In 1998, ICANN – the nonprofit Internet Corp. for Assigned Names and Numbers – started governing the organizational naming structure of the Web with eight generic top-level domains, including .com, .edu, .gov, .int., .mil, .net, .org and .arpa. In 2000, ICANN added 14 new gTLDs, including .biz and .info. But, by and large, these newer domains have been slow to catch on.
Today, ICANN paved the way for what will be the biggest change yet for website naming. Starting on Jan. 12, people will be able to register website addresses in almost any name they want and in almost any language, up to 63 characters long. They will be able to use a suffix, like “.com,” or alternatively use a one-word Internet address with no suffix at all.
As Sam Holmes reported, “the dot-com era is over. Welcome to the dot-anything age.”
In a world where most Internet users are non-English speakers, the new rules will likely usher in a wave of domain-name globalization, with generic top-level domains (gTLDs) being created in non-Latin alphabets, such as Chinese, Arabic and Russian.
And in a world so driven by marketing and commercialism, it will likely spark a wave of naming innovation. For example, instead of a starbucks.com, Starbucks might control the domain “.sbux” and assign Web addresses such as “drink.sbux.” They could also opt for addresses with no suffix, such as “starbucks” – or even “coffee” – alone.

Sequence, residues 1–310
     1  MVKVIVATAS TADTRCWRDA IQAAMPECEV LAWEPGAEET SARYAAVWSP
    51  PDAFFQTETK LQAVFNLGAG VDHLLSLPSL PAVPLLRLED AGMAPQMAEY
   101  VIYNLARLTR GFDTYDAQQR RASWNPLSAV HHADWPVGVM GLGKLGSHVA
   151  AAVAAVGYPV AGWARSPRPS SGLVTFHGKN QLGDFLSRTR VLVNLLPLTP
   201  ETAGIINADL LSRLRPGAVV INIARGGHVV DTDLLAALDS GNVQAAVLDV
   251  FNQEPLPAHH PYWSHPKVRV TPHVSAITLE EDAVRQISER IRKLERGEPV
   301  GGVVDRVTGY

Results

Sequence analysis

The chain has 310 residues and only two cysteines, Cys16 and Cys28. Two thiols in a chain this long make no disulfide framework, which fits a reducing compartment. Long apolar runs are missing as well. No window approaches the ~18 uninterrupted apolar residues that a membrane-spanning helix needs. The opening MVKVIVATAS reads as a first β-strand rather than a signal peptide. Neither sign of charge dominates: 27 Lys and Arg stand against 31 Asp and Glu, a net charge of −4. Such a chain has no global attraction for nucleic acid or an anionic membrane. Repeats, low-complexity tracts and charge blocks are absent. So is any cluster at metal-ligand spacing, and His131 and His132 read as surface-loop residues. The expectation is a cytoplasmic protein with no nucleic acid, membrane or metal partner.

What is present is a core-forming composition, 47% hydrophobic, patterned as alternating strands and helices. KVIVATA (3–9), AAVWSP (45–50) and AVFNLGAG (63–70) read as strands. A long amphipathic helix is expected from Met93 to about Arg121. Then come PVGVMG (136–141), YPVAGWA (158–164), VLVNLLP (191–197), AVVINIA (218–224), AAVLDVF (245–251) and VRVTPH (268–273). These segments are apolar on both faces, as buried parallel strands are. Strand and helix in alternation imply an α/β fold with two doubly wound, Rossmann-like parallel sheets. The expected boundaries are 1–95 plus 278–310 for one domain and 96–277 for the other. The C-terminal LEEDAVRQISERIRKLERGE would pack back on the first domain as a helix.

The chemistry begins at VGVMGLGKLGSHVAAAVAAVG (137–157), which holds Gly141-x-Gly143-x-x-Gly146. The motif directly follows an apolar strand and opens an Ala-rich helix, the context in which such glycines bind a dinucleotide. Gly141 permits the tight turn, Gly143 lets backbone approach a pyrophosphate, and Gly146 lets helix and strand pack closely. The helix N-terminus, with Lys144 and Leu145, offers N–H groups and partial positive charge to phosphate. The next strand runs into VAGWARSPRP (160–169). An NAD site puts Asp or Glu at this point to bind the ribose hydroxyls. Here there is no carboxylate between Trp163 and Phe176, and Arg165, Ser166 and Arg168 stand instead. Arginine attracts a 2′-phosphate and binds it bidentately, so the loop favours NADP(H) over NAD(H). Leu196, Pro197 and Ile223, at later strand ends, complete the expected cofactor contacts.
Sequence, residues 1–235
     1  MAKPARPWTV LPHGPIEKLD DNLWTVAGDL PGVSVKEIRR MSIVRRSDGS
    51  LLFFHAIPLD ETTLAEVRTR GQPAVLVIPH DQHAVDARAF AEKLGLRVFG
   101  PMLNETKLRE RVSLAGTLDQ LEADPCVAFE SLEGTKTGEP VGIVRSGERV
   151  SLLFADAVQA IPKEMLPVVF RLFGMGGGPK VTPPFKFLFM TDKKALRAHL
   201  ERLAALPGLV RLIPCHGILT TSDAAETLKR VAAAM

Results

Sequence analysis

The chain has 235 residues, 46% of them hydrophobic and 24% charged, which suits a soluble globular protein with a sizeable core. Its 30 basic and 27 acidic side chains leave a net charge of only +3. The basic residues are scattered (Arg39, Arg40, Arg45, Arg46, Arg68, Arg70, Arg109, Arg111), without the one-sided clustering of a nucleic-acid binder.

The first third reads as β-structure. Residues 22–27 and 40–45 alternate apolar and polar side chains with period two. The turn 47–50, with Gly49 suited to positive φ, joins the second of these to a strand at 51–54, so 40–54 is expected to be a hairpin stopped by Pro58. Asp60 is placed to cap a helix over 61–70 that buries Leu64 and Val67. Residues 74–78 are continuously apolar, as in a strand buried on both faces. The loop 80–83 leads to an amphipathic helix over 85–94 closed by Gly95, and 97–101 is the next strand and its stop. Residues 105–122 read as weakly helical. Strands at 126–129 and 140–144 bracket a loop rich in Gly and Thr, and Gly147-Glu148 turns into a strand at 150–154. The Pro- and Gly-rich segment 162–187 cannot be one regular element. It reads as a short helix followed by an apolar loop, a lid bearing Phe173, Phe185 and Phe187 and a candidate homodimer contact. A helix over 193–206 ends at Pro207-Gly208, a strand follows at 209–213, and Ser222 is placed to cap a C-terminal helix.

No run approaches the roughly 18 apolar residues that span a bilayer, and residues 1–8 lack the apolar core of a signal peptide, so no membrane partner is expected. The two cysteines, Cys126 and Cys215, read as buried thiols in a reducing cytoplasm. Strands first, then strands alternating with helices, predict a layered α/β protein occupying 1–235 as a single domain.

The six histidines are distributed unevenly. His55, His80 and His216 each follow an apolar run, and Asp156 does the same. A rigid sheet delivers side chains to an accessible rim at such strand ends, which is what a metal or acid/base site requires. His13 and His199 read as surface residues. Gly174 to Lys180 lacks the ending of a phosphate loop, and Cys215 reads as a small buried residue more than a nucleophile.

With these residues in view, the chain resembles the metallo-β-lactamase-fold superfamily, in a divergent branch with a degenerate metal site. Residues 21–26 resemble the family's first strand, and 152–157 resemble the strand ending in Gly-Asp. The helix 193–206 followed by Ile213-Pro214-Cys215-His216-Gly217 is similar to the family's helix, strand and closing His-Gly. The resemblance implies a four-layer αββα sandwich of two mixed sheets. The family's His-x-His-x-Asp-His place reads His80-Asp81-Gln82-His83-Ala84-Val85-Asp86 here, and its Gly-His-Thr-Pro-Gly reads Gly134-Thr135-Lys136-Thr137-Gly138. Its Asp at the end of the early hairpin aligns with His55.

ICANN CEO Rod Beckstrom declared, “The Internet’s addressing system has just been opened up to the limitless possibilities of human imagination and creativity.”
On the other hand, critics are posing some strong challenges to today’s decision. The new naming rules will undoubtedly be messier, and consumers will likely get confused as they try to navigate around the Internet. Likewise, individuals, companies and other content creators will also be confronted with the new legal costs of protecting their intellectual property against infringement by domain-name prospectors (known as “domainers”).
Will the coming website name flexibility unleash an era of unprecedented innovation, as ICANN expects. Or will it merely cause new headaches for consumers and windfalls for lawyers?
Tell us what you think.